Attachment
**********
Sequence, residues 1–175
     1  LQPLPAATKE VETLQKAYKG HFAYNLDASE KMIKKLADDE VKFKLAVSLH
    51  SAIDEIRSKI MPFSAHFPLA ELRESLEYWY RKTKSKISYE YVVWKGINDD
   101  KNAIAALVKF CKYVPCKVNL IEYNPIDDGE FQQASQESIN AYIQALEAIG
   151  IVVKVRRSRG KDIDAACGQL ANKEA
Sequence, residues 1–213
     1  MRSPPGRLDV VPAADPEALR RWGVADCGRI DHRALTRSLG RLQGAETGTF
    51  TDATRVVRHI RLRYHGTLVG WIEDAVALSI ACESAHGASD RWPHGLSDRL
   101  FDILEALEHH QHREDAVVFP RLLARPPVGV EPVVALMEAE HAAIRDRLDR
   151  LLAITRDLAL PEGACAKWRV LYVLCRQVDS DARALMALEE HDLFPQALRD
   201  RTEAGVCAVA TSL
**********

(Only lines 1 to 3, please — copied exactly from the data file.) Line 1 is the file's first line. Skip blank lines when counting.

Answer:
Sequence, residues 1–175
     1  LQPLPAATKE VETLQKAYKG HFAYNLDASE KMIKKLADDE VKFKLAVSLH
    51  SAIDEIRSKI MPFSAHFPLA ELRESLEYWY RKTKSKISYE YVVWKGINDD